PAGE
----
Doppler ultrasound evaluation of renal transplants

By Rohan V. Piyasena, MD, and Ulrike M. Hamper, MD, MBA

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Dr. Piyasena is an Assistant Professor, Department of Radiology and Radiological Science, Johns Hopkins University, School of Medicine, Baltimore, MD; and Dr. Hamper is a Professor of Radiology, Urology and Pathology, Director, Division of Ultrasound, Department of Radiology and Radiological Science, Johns Hopkins University, School of Medicine, Baltimore, MD.

Ultrasound (US) is often the modality of choice for primary evaluation of renal transplants in the perioperative period and in follow-up. In this article, a general approach is introduced to assist in performing and interpreting a thorough, yet focused US examination of a renal transplant. The basic post surgical anatomy is presented, as well as the sonographic appearance of several of the complications that can often be detected by US. Early recognition of these complications can be essential for graft and patient survival.

Prolonged graft survival due to improvements in surgical techniques and immunosuppressive drugs has led to an increased number of organ transplantations. Data from the Organ Procurement and Transplant Network shows that 16,520 kidney transplants and 837 combined kidney/pancreas transplants were performed in the United States in 2008 alone. Nevertheless, the number of candidates on the wait list for organs continues to grow. As of August 2010, there were approximately 108,000 candidates on the wait list for kidney transplantation.1

With this increasing number of renal transplants comes the need for fast, reliable diagnosis of the multitude of possible complications that inevitably occur after such complex procedures. Ultrasound is often the initial diagnostic modality as it is noninvasive, relatively inexpensive, does not require intravenous contrast, can be obtained at the bedside, and can often rapidly and accurately depict many of the common complications—most notably, vascular complications. Computed tomography (CT), magnetic resonance imaging (MRI), and angiography are often reserved for confirmation of US findings, when US is inconclusive or for cases where the extent of a finding cannot be fully appreciated by US alone. It should also be noted, however, that some complications from renal transplantation, such as acute or chronic graft rejection, do not create specific sonographic findings. In such cases, although the clinical and laboratory data are often helpful in limiting the differential diagnosis, biopsy may be necessary for a definitive diagnosis.

In order to perform a thorough and accurate US evaluation of a renal transplant, an understanding of the exact post surgical anatomy is imperative. A systematic approach can then be utilized to ensure that the vast majority of the possible complications are detected; particularly those that may require further diagnostic workup or surgical/radiologic intervention. This approach can be subdivided into evaluation of the transplant perinephric space, the renal parenchyma, the urinary collecting system and the renal vasculature.

Anatomy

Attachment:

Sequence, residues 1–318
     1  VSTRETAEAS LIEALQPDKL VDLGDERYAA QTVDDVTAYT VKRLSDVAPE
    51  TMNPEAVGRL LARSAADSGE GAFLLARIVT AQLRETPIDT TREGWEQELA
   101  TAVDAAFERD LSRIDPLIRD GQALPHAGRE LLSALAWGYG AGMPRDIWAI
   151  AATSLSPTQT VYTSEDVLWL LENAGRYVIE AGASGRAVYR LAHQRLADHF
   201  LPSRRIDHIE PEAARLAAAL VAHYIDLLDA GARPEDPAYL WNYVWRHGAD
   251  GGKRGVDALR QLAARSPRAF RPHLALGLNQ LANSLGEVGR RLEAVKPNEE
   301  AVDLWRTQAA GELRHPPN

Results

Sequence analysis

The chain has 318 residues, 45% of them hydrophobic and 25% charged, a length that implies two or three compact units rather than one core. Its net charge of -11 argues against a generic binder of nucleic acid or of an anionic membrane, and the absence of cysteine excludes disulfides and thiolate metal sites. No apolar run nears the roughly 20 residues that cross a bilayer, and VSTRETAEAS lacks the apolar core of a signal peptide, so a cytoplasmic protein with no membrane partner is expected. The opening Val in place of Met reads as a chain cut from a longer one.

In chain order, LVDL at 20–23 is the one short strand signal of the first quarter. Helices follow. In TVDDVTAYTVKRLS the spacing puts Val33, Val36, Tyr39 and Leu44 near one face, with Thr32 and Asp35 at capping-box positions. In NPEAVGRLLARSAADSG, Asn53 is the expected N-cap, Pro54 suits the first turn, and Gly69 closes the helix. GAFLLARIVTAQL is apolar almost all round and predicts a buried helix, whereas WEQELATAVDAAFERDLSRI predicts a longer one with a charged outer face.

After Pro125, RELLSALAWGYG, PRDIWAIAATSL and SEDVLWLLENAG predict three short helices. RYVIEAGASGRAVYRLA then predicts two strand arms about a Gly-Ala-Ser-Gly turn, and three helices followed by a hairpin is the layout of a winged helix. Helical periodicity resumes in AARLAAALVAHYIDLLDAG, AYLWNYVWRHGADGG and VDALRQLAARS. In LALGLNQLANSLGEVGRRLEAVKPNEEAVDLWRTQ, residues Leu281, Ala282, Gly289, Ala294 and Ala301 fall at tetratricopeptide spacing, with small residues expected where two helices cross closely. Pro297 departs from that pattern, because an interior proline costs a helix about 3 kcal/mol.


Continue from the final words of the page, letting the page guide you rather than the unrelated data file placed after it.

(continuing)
The transplanted kidney is usually placed in an extraperitoneal location in the right or left iliac fossa (Figure 1). The superficial location makes it ideal for US evaluation. The donor left kidney is preferred over the right kidney due to its longer renal vein. The donor organ may be cadaveric (cadaveric renal transplant, CRT), from a living relative (LRT) or a living nonrelated donor (LNRT). Often with cadaveric donors, a Carrel patch (small portion of surrounding aorta) is acquired and anastomosed to the recipient external iliac artery in an end-to-side fashion. Transplants obtained from living donors often involve an end-to-side anastomosis of the donor renal artery to the recipient external iliac artery or an end-to-end anastomosis of the donor renal artery to the recipient internal iliac artery. Variant anatomy with multiple renal arteries can be anastomosed separately to the external iliac artery or with a Carrel patch encompassing all of the origins. Alternatively, the individual arteries can be anastomosed to the largest such that there is essentially a single donor vessel supplying the entire graft. The renal vein is attached in an end-to-side anastomosis to the external iliac vein. Ureteral drainage is restored preferably by means of ureteroneocystostomy. Complex cases may necessitate using older techniques that utilize the recipient’s native ureter, such as a ureteroureterostomy or pyeloureteostomy. There is considerable variation in technique including intraperitoneal transplant placement, anastomosis to internal iliac vasculature and the use of a bowel conduit for urinary drainage. Another procedure sometimes performed for kidneys obtained from donors <5 years of age involves the transplantation of both donor kidneys into a single recipient and using the donor aorta and vena cava for vascular anastomosis (“en bloc” pediatric transplant).2 Knowledge of the exact renal transplant procedure performed is essential for accurate interpretation of both normal and abnormal findings. Particularly important is knowledge of the vascular anatomy, so that all vessels and anastomoses can be evaluated for patency, stenosis or other complications.

Perinephric space

Perinephric fluid collections are a common occurrence, and are found in ≤50% of renal transplants.3 These collections may contain urine, blood, lymph or pus. Although US is sensitive for their detection, the sonographic appearance of these collections can overlap and the diagnosis ultimately may require fluid aspiration. Minimal perinephric fluid representing small hematomas or seromas are an expected postoperative finding. The clinical relevance of a fluid collection depends on its composition, size, location and whether or not it is exerting mass effect on the transplant kidney, ureter or other adjacent structures.